By Mariah Johnson, Manager Viral Hepatitis/Policy & Legislative Affairs, NASTAD
In February 2015, reports surfaced of an outbreak of new HIV cases in Scott County, Indiana. The initial 26 cases of HIV, first confirmed in December, were followed by more cases (now nearly 90 cases with the majority involving hepatitis C [HCV] co-infection). The cause was the injection of the prescription painkiller Opana. In an effort to combat the outbreak – the largest in the state’s history – Indiana Governor Mike Pence authorized an emergency 30 day needle exchange program in Scott County, administered by state health officials, which opened earlier this week. This was a major development from a Governor who has not supported this intervention in a state where needle exchange programs have long been outlawed. Yet in the face of an historic HIV (and HCV) outbreak, Governor Pence recognized the need for a public health approach guided by the evidence, just as numerous physicians, health departments, and countless community-based and national organizations have before him. Continue reading
By Amy Killelea, Associate Director, Health Systems Integration, NASTAD
“We must meet people where they are, and help more people on the path to better health … Together we can work toward the same mutual goals – to reduce the consequences of drug use, to prevent overdose deaths, and to help people live safer and healthier lives.” Michael Botticelli, Acting Director, White House Office of National Drug Control Policy (ONDCP) speaking at the 10th National Harm Reduction Conference in Baltimore. Continue reading
By Erin McElderry, Associate, Prevention, NASTAD
New HIV Infections by Transmission Category, 1980 – 2010*
In many ways, HIV prevention among people who inject drugs (PWID) has been a success story. Rates of new infections among PWID have declined dramatically since the beginning of the epidemic, due in part to the success of syringe services programs (SSPs) in preventing new HIV infections. However, this work is far from done. In 2010, PWID represented 8% of new HIV infections. The U.S. has also seen rising rates of young people addicted to prescription opioids transitioning to injection drug use. Continue reading
By Oscar Mairena, Manager, Viral Hepatitis/Policy and Legislative Affairs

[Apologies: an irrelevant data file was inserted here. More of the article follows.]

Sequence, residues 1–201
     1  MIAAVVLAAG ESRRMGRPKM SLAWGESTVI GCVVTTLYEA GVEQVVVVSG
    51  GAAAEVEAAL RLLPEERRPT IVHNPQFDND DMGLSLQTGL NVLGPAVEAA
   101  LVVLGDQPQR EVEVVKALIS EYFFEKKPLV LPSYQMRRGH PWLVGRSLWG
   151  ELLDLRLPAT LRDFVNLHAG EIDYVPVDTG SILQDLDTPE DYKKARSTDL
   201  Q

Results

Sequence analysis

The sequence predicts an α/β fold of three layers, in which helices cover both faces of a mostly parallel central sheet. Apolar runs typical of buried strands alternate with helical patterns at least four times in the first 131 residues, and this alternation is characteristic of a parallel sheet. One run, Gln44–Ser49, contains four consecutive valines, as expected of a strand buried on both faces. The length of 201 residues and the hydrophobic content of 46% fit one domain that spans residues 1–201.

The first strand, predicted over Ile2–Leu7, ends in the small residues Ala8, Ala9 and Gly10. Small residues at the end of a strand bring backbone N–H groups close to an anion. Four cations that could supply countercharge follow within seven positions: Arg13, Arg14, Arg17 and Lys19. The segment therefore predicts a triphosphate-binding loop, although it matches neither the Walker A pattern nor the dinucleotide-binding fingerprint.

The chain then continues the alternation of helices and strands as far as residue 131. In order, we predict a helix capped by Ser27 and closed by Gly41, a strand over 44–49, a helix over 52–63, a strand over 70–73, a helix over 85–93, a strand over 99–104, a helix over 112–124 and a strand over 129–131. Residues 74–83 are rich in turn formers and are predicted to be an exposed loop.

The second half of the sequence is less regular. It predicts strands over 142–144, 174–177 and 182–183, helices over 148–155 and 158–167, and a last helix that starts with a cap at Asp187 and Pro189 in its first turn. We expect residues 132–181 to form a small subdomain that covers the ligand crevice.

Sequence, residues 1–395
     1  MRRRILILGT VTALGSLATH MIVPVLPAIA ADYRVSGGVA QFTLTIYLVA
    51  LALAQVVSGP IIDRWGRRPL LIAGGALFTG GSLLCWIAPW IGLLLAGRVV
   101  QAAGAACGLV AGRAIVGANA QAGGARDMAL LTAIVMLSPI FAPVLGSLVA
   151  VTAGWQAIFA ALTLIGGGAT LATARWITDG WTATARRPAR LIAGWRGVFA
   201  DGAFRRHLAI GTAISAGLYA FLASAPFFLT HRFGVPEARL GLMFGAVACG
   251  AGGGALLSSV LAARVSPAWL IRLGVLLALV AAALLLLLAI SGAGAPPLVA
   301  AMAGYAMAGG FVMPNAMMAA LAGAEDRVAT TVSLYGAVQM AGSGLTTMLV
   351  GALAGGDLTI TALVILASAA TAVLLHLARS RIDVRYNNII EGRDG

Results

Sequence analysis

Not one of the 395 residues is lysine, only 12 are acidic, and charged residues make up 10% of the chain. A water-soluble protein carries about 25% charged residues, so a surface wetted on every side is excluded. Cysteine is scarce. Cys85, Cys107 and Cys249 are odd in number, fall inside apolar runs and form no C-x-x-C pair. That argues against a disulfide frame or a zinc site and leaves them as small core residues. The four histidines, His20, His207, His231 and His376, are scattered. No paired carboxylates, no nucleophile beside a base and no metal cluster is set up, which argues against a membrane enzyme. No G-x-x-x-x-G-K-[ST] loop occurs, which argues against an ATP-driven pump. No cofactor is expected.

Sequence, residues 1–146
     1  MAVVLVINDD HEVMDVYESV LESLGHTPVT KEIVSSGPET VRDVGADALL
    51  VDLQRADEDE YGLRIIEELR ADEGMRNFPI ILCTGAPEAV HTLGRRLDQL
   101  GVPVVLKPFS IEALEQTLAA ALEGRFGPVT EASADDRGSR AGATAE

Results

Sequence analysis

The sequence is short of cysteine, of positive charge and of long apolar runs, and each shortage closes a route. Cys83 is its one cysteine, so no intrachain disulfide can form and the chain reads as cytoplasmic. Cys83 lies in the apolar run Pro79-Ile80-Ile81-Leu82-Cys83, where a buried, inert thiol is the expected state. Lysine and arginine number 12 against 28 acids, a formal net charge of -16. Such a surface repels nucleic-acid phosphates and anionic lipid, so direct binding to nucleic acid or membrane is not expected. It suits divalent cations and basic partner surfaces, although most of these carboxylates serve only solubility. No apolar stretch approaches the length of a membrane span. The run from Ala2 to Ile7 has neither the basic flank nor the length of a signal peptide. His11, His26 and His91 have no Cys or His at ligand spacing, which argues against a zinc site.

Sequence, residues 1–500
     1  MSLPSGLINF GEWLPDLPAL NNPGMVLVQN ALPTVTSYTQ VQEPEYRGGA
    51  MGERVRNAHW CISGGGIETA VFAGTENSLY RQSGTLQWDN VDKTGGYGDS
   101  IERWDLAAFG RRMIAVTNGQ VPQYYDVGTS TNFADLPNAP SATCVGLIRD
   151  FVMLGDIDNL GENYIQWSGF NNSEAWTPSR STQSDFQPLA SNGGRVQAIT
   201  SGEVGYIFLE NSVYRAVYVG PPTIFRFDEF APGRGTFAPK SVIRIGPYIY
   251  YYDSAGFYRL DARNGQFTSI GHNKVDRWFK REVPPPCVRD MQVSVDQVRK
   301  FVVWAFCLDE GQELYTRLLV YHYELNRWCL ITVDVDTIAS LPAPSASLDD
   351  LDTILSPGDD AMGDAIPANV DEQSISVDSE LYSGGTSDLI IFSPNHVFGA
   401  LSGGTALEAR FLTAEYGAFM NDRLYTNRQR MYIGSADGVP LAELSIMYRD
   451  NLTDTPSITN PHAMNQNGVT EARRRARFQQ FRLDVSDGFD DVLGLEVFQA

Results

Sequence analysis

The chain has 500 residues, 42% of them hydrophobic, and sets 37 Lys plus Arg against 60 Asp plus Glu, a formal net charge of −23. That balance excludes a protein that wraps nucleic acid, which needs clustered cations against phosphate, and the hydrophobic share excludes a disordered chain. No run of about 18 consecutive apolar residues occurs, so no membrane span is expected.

Panelists at the NASTAD and Harm Reduction Coalition Congressional Briefing.
Last year, the Viral Hepatitis Prevention Coordinator (VHPC) in Massachusetts, Dan Church, wrote a post about the increasing rate of acute hepatitis C (HCV) infection among young persons who inject drugs in Massachusetts and the health department’s efforts to prevent new infections, identify existing cases, educate individuals vulnerable to acquisition, and enhance surveillance and data collection to better address the epidemic. Since then, more health departments have reported this trend, especially among young persons who begin using prescription opioids and transition to injecting heroin. Earlier this week, NASTAD partnered with the Harm Reduction Coalition to host a Congressional Briefing, An Emerging Epidemic: The Public Health Response to Hepatitis C Infection among Young People who Use Drugs, to bring this issue to light, educate Congressional staff and reinforce the role of public health in addressing emerging health concerns. Continue reading
By Maria Courogen, Director of the Office of Infectious Disease, Washington State Department of Health
Maria Courogen, Washington State AIDS Director, speaking at the launch of the updated Viral Hepatitis Action Plan.
In my role in Washington State, I oversee the state health department’s work in the areas of HIV, sexually transmitted diseases (STDs), tuberculosis and viral hepatitis. In my role as a member of NASTAD’s Executive Committee and Chair-Elect, I work with state health department colleagues across the country, many of whom have a similar portfolio of work, to provide leadership in the country’s response to HIV and hepatitis. As such, On April 3, I participated in an event hosted by the U.S. Department of Health and Human Services (HHS) for the release of the next iteration of the Viral Hepatitis Action Plan.